Step 9: Moisture Cont.

This isnt really a step, it's more like advice.
Before your bowl is sanded completely and finished, you should make sure it is pretty much devoid of moisture. We wanted a lot before, now as we finish the bowl we want none.
If your bowl is still sopping wet, you can pack it in a bucket or (paper) bag in its own shavings. It's hard to tell when the bowl is completely dry, but I usually just feel it to see if it's still cool.
You can also just let it air dry if you live in a humid place like Miami.
Or pack it in paper bags. Not plastic bags. Plastic=moldy bowls. Not fun.
You want it to slowly and evenly dry to avoid cracking. When you finally unveil it after drying is complete, it will have probably changed shape a little. Most of my thinner bowl usually end up more oval in shape than round. And the rim usually isn't flat, either.
Is that a bad thing? No... I think it actually adds interest to whatever you've done.
The thinner you make it and the wetter you put it in to the bag, the more the shape will have changed.
If you finish working on the bowl and it's fairly dry, you can go ahead and sand it down.
Wait a couple days to put on the finish.
How beautiful bowls!
Aw, thank you :) The wood is pretty amazing. <br>Muchas gracias. La madera muy brillante tambien.
Very complete instructions about turning, thanks for them. I will try green wood, you convinced me. <br> <br>For food-safe finishing, I use egg white (albumen). When dry, the light hardens it and turns it insoluble. You must do 6 or 7 coats to get a semi-gloss finish. Fine sanding between coats. A coat dries in 2 to 4 hours depending environmental humidity and heat. <br> <br>You can save the albumen 2 or 3 days in a closed jar without problems.
Hey that's a great pearl to share, thank you!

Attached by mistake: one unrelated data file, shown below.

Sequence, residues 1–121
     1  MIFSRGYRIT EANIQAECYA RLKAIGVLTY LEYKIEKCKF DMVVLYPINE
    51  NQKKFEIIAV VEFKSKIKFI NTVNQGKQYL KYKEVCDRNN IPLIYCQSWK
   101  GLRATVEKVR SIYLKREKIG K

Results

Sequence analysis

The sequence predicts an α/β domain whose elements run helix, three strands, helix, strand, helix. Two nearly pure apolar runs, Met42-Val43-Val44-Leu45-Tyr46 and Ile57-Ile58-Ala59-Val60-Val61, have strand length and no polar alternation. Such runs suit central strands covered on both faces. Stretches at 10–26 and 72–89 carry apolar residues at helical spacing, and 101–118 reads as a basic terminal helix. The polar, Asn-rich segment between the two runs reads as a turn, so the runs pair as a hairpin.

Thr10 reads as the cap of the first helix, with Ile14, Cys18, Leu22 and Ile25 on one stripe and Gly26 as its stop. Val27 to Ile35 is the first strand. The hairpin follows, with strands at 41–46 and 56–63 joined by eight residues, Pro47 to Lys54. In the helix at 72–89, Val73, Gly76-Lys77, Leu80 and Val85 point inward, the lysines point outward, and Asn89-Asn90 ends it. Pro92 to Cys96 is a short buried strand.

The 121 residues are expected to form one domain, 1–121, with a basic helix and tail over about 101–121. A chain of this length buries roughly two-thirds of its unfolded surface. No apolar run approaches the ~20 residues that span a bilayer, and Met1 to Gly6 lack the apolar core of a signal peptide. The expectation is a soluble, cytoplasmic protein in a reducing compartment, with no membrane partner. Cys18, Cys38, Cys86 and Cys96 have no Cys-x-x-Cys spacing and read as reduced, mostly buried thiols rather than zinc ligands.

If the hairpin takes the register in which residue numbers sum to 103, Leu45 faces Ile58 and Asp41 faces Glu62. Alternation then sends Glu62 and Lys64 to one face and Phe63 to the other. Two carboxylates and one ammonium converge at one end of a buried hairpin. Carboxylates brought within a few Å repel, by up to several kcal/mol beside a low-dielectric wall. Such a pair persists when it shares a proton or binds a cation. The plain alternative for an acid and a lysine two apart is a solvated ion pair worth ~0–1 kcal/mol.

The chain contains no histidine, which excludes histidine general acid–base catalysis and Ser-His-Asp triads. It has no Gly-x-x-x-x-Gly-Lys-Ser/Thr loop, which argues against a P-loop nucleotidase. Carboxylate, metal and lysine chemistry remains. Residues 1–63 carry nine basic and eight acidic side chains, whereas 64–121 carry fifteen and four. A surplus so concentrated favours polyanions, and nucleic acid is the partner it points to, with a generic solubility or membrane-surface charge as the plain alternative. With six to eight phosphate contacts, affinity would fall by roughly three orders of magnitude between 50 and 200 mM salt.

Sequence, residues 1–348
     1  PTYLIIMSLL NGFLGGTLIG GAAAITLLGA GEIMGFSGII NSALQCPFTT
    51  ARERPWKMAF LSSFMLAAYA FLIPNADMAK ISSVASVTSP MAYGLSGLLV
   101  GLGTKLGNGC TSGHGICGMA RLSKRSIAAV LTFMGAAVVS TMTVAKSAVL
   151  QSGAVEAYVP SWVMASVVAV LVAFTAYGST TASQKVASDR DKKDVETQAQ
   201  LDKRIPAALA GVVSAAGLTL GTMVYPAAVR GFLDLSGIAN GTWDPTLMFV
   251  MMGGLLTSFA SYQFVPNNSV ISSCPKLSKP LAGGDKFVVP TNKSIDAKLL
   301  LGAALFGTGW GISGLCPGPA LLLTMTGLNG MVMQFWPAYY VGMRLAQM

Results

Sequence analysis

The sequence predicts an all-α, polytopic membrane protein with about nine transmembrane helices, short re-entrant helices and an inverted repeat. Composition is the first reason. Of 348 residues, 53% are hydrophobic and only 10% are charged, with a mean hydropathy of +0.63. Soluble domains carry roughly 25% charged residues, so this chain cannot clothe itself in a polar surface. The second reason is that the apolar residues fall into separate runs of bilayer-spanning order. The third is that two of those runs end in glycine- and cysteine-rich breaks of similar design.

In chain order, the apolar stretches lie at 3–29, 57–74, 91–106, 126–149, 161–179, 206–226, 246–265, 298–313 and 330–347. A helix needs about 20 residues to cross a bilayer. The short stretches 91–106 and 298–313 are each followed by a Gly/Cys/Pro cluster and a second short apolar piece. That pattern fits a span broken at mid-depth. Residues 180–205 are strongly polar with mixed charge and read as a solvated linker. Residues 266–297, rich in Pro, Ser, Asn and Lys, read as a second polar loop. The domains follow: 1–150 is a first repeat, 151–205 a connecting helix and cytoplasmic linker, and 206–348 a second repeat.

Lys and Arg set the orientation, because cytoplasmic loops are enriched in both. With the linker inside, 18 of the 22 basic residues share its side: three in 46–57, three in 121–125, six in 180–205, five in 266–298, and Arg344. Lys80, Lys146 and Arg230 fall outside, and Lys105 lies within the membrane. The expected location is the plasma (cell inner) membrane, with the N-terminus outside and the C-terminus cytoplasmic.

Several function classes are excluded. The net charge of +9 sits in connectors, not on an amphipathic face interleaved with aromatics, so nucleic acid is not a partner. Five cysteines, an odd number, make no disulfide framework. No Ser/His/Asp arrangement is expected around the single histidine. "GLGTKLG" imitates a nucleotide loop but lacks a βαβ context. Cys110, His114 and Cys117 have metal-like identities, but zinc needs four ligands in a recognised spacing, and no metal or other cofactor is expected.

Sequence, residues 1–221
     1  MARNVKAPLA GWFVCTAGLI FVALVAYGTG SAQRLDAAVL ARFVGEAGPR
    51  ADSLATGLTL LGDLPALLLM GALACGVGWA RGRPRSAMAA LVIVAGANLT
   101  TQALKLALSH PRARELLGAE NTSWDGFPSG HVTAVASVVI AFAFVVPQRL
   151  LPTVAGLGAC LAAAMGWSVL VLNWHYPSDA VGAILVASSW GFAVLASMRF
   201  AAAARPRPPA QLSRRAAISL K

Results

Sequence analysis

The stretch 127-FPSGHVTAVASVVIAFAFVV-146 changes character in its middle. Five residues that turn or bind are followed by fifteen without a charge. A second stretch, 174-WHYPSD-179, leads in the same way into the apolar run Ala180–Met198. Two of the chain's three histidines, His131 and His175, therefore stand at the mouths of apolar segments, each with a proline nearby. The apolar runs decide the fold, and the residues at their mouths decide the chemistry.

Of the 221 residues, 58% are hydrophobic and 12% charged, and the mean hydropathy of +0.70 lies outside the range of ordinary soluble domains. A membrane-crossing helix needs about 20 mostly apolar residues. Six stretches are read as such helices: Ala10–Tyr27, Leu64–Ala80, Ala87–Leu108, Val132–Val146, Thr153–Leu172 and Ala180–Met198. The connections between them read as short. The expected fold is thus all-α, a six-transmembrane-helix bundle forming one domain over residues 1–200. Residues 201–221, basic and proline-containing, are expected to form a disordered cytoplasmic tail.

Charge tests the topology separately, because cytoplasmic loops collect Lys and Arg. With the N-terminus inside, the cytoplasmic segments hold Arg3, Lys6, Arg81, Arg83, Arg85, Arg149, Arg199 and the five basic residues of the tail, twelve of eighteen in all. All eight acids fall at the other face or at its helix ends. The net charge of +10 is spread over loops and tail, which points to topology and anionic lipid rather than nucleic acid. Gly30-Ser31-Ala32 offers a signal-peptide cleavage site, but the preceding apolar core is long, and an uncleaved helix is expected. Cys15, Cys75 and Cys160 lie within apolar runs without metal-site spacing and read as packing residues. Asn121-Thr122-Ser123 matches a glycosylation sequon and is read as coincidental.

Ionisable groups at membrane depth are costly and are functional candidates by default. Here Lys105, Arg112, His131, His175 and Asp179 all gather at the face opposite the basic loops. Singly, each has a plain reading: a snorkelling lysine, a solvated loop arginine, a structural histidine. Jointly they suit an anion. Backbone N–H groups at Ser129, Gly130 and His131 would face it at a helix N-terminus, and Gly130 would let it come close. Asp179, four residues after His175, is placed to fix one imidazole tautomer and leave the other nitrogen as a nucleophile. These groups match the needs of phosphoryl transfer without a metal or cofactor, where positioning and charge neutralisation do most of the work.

I must say that I don't think I have ever heard of that method. <br>The egg whites never spoil or cloud up? That's really interesting. When I get back home I'll have to try that one. <br>Thanks :)
<a href="https://www.google.com.ar/search?q=egg+albumen+as+varnish&ie=utf-8&oe=utf-8&aq=t&rls=org.mozilla:es-ES:official&client=firefox-a" rel="nofollow">Here you can find</a> some about the matter.<br> <br> I have some photos, but here in comments the uploader does not work.
<p>Great bowl! I've made a few bowls, and I was envious of how thin your walls were--until one broke! You did a great job of recovering it, though. I need to get my courage up and try that. Nice work!</p><p>I'm sure you're not short on blanks, but if you ever run low, your local dump probably has a place for logs and yard waste. Mine does, and you're allowed to take anything you want, no charge! We have a lot of cedar and hackberry here, and we sometimes get osage orange. You should check it out if you get a chance!</p>
<p>Nice bowl. You know it would be a lot easier to cut the blank into a round at the bandsaw? If you do that then it wouldn't be so out of balance and you can start turning at around 600 revs. Works for me!</p>
Actually, I didn't own a bandsaw when I made this instructables/this bowl. <br>Since then, I've purchased one. It definitely makes cutting the blanks a lot easier! I actually have an excess of blanks now that I haven't had time to turn. Oops!

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